I sometimes read advice columns. I’m not sure whether this is an acknowledgment or a confession–probably it’s both. I want to take seriously the task of practicing the virtue of discernment, as Hebrews 5:14 commends us to: “But solid food is for the mature, for those who have their powers of discernment trained by constant practice to distinguish good from evil.” An advice column provides both a window into a strange and unusual situation, and a glimpse of how someone else might reason through it. It’s the latter quality that seems worthwhile: the former has a voyeuristic quality to it, which is both what makes it mildly pleasurable and disturbing.
The rise of advice as a moral category has deep roots within our culture, of course: the guru-ization of life (cf. Peterson, Jordan) arises when local communities and family structures no longer transmit the practical wisdom we need to navigate the world well. The loss of the confessional booth means even that the ethicists’ exposure to the complicated realms of life is limited to what he sees in the headlines, or what God decides to place before him directly. And because the ethicist is tasked with reading so many of the headlines, little arises in the course of one’s own life that is sufficiently ‘interesting’ for deep reflection.
If you are not an ethicist, of course, you should rejoice. And then you should swap 'advice columns’ for 'Netflix’ above, and then repent.
See, this is what ethicists do: we take away the minor joys that make life in our late-modern, global capitalist, sexually-libertine era even mildly pleasurable. If we cannot enjoy even advice columns, of all things, what is left to us? Must they, too, be signs of the decay of our era? Is nothing sacred, not anything?
Never mind all that, though. Let’s just call admit advice columns are a sign of a deracinated society, and get on with reading them. I don’t plan on giving up my guilty pleasure any time soon, and certainly not right now. After all, the above is simply my elaborate rationalization of my bitterness that no one has yet asked me to write an advice column. (My theme: It depends.) <–Not really.
Besides, the New York Times’ advice column currently has the virtue of having a serious person at the helm–which is more than most can say. Kwame Anthony Appiah’s latest column has a number of situations that are delightfully ordinary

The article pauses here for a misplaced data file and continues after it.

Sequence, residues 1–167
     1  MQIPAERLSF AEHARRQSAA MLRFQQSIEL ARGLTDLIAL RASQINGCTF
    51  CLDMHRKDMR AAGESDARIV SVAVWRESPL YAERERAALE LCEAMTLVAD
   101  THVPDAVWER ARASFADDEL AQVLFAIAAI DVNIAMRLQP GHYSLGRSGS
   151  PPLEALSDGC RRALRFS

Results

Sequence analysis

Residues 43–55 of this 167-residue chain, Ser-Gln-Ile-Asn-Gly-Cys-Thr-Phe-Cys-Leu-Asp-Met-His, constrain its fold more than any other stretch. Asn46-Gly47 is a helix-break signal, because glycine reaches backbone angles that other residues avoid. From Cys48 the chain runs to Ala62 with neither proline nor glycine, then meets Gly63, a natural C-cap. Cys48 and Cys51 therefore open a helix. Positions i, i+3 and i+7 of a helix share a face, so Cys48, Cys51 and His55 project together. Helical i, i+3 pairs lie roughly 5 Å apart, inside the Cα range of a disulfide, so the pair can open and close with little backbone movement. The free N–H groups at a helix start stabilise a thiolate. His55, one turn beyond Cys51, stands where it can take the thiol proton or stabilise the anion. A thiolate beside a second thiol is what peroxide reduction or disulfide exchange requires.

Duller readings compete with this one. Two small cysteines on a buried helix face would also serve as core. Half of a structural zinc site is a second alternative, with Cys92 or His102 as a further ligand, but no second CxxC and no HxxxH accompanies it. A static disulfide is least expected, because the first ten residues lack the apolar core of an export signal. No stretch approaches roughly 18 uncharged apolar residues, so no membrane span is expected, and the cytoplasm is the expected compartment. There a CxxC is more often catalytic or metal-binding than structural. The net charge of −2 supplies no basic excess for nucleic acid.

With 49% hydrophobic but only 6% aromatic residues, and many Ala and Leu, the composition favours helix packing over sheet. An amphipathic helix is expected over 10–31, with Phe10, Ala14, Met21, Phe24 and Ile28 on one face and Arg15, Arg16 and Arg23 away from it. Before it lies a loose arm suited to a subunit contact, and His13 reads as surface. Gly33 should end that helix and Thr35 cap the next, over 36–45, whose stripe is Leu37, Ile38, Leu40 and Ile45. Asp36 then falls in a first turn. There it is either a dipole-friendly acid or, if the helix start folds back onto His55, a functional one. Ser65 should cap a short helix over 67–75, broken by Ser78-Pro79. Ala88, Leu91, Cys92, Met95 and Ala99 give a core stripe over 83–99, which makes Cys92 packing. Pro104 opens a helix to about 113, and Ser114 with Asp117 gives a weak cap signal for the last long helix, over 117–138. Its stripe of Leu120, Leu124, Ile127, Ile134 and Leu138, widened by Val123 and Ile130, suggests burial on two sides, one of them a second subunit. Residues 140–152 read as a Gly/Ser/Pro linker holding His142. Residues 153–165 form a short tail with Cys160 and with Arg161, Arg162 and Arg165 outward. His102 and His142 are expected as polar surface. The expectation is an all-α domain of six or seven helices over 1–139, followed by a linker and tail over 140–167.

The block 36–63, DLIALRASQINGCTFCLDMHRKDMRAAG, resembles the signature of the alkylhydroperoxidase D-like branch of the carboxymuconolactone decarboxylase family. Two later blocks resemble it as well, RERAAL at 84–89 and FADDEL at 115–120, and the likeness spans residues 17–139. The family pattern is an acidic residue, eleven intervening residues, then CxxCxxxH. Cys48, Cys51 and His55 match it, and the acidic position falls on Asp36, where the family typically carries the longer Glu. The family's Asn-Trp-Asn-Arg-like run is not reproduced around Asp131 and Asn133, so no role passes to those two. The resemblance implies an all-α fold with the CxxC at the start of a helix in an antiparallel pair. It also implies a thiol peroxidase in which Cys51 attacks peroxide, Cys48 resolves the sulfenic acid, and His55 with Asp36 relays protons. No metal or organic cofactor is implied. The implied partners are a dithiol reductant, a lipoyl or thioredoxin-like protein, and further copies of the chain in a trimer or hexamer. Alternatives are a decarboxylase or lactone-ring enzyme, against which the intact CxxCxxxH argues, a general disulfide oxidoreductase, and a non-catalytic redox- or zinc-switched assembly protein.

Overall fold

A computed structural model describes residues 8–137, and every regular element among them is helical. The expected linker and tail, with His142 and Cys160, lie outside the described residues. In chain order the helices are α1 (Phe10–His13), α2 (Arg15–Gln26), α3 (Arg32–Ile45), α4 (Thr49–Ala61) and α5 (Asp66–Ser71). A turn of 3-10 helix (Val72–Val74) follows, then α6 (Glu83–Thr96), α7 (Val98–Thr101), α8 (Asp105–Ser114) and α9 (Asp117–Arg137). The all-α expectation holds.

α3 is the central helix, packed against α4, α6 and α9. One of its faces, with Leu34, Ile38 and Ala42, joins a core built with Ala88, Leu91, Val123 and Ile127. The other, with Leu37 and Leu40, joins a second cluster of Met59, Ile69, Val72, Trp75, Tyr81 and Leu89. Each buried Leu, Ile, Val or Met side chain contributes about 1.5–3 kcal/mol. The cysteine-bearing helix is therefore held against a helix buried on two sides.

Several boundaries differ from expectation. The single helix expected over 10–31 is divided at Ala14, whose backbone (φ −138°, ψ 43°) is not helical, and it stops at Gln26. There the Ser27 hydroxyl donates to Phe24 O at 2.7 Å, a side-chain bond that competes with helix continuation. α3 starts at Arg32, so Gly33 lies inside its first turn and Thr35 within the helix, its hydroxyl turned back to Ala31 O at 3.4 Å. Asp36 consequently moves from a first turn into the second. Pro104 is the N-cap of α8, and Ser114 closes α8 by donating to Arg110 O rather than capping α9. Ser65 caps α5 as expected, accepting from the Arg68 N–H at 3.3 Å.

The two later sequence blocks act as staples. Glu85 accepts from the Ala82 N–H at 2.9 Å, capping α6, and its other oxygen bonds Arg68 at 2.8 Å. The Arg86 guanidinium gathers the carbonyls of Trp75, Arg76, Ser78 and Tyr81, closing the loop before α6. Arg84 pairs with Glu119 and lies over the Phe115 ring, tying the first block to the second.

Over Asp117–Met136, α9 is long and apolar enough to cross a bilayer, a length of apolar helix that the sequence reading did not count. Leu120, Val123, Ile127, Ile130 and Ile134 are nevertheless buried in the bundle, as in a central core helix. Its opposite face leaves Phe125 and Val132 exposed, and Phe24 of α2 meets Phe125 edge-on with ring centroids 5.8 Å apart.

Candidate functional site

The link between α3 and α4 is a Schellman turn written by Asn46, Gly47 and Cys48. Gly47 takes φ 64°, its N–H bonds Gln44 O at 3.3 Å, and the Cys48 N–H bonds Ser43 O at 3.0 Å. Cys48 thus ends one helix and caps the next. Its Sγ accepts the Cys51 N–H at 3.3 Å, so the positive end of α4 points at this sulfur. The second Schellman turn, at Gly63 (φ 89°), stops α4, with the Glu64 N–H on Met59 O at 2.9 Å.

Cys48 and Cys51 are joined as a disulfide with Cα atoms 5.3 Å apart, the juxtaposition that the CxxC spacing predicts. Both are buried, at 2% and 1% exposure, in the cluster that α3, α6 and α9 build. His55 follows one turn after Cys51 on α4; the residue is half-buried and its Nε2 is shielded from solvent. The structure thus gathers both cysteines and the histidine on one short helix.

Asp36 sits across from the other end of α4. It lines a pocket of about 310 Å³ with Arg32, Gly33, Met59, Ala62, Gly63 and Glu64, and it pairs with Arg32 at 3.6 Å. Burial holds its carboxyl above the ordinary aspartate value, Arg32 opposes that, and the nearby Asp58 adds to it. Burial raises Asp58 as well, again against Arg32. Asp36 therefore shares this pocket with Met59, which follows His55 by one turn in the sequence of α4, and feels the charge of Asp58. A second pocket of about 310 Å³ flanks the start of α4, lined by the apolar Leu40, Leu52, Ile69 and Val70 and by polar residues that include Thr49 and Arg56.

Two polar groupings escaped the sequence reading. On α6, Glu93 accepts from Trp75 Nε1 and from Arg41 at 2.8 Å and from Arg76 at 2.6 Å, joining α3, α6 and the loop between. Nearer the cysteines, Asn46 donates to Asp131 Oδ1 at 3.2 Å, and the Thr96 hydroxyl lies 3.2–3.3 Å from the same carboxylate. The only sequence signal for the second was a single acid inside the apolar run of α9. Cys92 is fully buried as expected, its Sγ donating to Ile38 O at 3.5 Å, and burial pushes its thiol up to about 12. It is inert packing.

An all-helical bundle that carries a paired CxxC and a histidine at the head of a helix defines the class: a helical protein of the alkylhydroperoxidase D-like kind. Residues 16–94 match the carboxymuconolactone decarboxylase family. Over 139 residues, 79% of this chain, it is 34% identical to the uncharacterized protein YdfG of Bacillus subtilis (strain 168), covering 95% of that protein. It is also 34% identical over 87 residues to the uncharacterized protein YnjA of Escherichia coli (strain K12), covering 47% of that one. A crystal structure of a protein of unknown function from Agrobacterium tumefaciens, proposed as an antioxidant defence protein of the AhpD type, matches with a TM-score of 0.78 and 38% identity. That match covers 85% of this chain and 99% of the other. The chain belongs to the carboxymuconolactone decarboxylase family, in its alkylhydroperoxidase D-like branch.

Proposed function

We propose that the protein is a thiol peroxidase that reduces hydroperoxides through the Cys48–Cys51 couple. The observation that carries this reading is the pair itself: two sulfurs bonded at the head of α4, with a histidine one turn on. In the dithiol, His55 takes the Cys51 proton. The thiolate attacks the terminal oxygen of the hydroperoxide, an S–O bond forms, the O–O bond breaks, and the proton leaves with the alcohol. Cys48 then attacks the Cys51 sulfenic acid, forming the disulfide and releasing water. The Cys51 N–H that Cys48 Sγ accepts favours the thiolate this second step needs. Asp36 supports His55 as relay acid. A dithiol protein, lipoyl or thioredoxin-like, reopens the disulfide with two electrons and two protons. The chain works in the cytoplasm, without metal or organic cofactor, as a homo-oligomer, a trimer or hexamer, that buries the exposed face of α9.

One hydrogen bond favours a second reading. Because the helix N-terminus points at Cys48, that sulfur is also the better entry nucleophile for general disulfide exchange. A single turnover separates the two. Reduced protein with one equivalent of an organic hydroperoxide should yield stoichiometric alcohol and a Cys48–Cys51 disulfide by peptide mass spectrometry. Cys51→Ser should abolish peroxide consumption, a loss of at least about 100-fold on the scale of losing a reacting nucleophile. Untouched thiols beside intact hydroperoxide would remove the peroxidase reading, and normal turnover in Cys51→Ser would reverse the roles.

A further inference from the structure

, like the person whose friend has delayed marriage to a mediocre boyfriend, and is risking losing her fertility window as a result. Should the individual speak up and encourage her friend to find a spouse, so as to help her avoid later regrets if she doesn’t get pregnant?
Appiah’s answer is unsurprising, but disappointing: he suggests that if all this is true, it is probably already known to the woman, and that one should only speak up if one is confident the promptings would be successful. “It is an important maxim, widely ignored, that intervention is a good idea only if it is likely to make things better.“
Oh, but is it? Appiah indicates the downsides of intervention, namely anxiety and resentment. But such anxiety might be a spur to action. And friendship is the sort of place, if anywhere, we we are supposed to risk resentment. The maxim is certainly underdeveloped: when must we expect things to be better, and after what sorts of disruptions or pains? There is a peace we must learn to relinquish, as a prayer I once encountered put it, in order to win a peace that will endure. Risking the temporary cessation of normal friendly relations for the sake of truth-telling (in love, clearly!) is its own "gift of friendship.” It may even be the highest form.
It seems odd to tell people what they already know. But for many of us weak human beings, knowing the good isn’t sufficient to move us to do it: it helps immensely to know someone else knows our good, and is keeping us accountable to it. The call to action comes from outside of us, and where better than from a trusted friend who sees us mired in mediocrity? “Friend, come up higher” can sometimes mean simply saying out loud what we know those listening already know, and have not yet learned to live.